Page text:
Today is the feast day of Saint Edmund Rich of Canterbury. Ora pro nobis.
Saint Edmund Rich was born on 20 November, c. 1180, at Abingdon, six miles from Oxford. He died 16 November, 1240, at Soissy, France. His early history is somewhat uncertain. His parents, Reinald (Reginald) and Mabel Rich, were remarkable for piety. It is said that his mother constantly wore hair-cloth, and attended almost every night at Matins in the abbey church. His father, even during the lifetime of his mother, entered the monastery of Eynsham in Oxfordshire. Edmund had two sisters and at least one brother. The two sisters became nuns at Catesby.
From his earliest years he was taught by his mother to practise acts of penance, such as fasting on Saturdays on bread and water, and wearing a hair shirt. The Child Christ once appeared to him while he was walking alone in the fields. In memory of what passed between him and Christ on that occasion, he used every night to sign his forehead with the words “Jesus of Nazareth”, a custom he recommended to others. Anxious to preserve purity of mind and body, Edmund made a vow of chastity, and as a pledge thereof he procured two rings. (2)
Edmund and his brother Robert were sent to be educated in Paris, then closely connected with Oxford. But their mother either could not or would not provide them with much money, so they had to beg their way from place to place. The next few years of Edmund’s life were spent in Paris and Oxford in study and in teaching. The Cathedral of Notre Dame de Paris had recently been completed in the magnificence of the new pointed style, and serves as a link between the Paris of St. Edmund and the Paris of today. Of the Oxford of his day, we are still reminded amid many changes by the castle, the town walls, the tower of St. Michael, the small crypt of St. Peter’s in the East, and Christ Church Cathedral – then St. Frideswide’s Priory.
In Paris, Edmund once played the part of Joseph to a fair siren, and behaved with less than his usual chivalry. A certain young girl, who had taken a shine to him, invited the Abingdonian to a private assignation, but Edmund invited the University authorities, who proceeded to lay bare the back of the frail maiden and the offending Eve was whipped out of her! Edmund practised austere self-discipline, wore garments of rope-cloth and horse-hair, and showed himself careless about teacher’s fees both in Paris and Oxford. He was devoted to his pupils, nursing them in sickness and selling the treasures of his library to give to needy scholars. (3)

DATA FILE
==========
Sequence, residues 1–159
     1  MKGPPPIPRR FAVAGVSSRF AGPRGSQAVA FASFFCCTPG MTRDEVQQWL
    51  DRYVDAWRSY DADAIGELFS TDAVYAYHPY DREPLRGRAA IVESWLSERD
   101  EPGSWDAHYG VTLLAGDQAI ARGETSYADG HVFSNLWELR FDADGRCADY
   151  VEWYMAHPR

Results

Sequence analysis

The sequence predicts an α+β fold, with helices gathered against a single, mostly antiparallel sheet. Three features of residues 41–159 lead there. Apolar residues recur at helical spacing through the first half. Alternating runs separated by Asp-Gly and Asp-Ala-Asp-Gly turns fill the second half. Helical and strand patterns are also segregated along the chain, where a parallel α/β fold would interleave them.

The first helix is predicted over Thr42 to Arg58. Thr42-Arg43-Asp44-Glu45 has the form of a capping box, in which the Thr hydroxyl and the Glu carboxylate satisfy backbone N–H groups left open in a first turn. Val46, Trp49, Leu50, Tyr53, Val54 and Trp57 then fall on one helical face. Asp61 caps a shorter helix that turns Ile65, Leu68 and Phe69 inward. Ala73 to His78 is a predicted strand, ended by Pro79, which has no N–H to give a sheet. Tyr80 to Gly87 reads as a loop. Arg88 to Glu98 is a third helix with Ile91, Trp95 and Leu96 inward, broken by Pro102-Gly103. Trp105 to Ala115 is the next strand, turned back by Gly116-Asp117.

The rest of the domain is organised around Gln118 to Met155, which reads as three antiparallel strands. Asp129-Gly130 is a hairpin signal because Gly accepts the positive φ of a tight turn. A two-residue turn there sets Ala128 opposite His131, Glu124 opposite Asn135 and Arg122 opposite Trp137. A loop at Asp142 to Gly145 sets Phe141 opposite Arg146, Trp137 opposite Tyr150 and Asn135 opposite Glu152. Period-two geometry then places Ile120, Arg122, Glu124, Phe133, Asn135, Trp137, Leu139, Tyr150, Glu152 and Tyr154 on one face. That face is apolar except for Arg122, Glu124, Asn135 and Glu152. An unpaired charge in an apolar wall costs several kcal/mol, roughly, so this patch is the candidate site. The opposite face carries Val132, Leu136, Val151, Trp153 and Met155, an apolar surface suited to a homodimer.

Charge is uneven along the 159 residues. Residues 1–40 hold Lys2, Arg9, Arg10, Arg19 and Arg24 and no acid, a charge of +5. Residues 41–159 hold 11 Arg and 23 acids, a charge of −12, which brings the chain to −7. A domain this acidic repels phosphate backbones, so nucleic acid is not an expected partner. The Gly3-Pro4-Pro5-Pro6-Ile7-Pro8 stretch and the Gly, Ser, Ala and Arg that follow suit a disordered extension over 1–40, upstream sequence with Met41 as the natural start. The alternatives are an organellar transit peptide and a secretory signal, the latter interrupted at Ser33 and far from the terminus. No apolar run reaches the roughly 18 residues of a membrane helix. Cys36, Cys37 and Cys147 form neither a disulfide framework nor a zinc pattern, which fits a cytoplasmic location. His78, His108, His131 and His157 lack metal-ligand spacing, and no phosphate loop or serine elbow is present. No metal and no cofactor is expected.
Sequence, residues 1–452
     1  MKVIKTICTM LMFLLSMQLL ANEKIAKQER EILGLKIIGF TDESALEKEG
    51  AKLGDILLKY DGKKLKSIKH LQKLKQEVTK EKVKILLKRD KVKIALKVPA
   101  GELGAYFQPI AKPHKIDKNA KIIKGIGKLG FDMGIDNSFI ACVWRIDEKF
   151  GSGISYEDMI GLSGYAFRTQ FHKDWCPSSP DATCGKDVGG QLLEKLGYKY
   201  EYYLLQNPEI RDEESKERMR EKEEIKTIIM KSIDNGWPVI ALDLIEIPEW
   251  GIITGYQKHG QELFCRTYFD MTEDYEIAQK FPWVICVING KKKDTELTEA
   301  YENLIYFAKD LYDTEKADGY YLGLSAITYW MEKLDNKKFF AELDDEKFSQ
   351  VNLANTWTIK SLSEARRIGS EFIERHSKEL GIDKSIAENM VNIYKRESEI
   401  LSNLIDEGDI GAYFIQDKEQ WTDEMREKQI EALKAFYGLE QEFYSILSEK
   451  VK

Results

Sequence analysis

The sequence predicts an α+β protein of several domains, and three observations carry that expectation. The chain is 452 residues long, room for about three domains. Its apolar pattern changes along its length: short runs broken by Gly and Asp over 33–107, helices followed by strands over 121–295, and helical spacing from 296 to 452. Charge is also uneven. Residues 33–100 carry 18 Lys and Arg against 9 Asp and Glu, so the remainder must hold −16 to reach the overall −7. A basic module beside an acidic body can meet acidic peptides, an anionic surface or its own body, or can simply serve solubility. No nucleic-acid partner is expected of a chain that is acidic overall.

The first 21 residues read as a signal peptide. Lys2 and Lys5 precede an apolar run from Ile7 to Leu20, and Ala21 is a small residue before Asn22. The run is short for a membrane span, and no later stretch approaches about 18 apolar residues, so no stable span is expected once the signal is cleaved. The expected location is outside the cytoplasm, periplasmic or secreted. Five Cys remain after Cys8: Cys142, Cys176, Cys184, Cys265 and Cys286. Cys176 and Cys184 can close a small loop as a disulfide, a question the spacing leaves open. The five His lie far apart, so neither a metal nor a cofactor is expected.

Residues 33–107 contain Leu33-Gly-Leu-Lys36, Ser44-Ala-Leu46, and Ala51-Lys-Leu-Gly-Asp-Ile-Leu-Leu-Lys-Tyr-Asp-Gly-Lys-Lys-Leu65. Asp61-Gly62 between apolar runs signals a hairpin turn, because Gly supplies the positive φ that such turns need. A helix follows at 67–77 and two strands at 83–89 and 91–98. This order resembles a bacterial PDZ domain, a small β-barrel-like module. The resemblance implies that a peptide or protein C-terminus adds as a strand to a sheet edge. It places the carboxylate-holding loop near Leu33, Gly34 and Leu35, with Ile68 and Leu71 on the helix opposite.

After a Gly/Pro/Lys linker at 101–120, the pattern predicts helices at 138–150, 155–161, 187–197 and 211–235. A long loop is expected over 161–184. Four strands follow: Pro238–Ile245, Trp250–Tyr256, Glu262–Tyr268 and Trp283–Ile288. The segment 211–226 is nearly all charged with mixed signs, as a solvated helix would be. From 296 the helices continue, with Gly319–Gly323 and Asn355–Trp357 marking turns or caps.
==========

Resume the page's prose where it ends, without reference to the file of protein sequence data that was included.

Notwithstanding the gentleness of his disposition, he firmly defended the rights of Church and State against the exactions and usurpations of Henry III. He visited Rome in 1237 to plead his cause in person. This fearless policy brought him into conflict, not only with the king and his party, but also with the monks of Rochester and Canterbury. Determined opposition met him from all sides, and constant appeals were carried to Rome over his head. In consequence, a papal legate was sent to England, but Henry adroitly managed the legate’s authority to nullify Edmund’s power. Unable to force the king to give over the control of vacant benefices, and determined not to countenance evil and injustice, Edmund saw he could not longer remain in England.
In 1240 he retired to the Cistercian Abbey of Pontigny. Here he lived like a simple religious till the summer heat drove him to Soissy, where he died. Within six years he was canonized, and numerous miracles have been wrought at his shrine. Notwithstanding the devastation that from time to time has overtaken Pontigny, the body of St. Edmund is still venerated in its abbey church. Important relics of the saint are preserved at Westminster Cathedral; St. Edmund’s College, Ware; Portsmouth Cathedral, and Erdington Abbey. The ancient proper Mass of St. Edmund, taken from the Sarum Missal, is used in the Diocese of Portsmouth, of which St. Edmund is patron. In September, 1874, 350 English pilgrims visited St. Edmund’s shrine. The community, known as Fathers of St. Edmund, were forced to leave their home at Pontigny, by the Associations law. (2)
Among St. Edmund’s writings must be mentioned his ‘Constitutions’, which give an interesting account of his reforms and aims, and throw light on the manners of that age. He also wrote Speculum Ecclesiae, or the ‘Mirror of the Church’. A black letter quarto of Latin sermons, undated, c.1521, with nice woodcuts, contains ‘A Myrour of the Chyrche made by Saynt Austyn of Abyndon’. St. Austin is a slip for St. Edmund of Abingdon. This, and other editions, indicate the hold that the Abingdon preacher had taken on the minds of Englishmen. In the English envoy of the printer it professes to be ‘rudely endited’, ‘that ye reders leve not the fruytfull sentence of within for the curious fable of without.’
In memory of St. Edmund of Abingdon, Prince Edmund, Earl of Cornwall, founded, in 1288, St. Edmund’s Chapel in the parish of St. Helen’s in Abingdon, near the saint’s reputed birthplace. It was swept away at the reformation but is still remembered in the name of ‘St. Edmund’s Lane’ where it stood. (3)
Image: Nuremberg chronicles – Edmund, Archbishop of Canterbury (4)
Research by REGINA Staff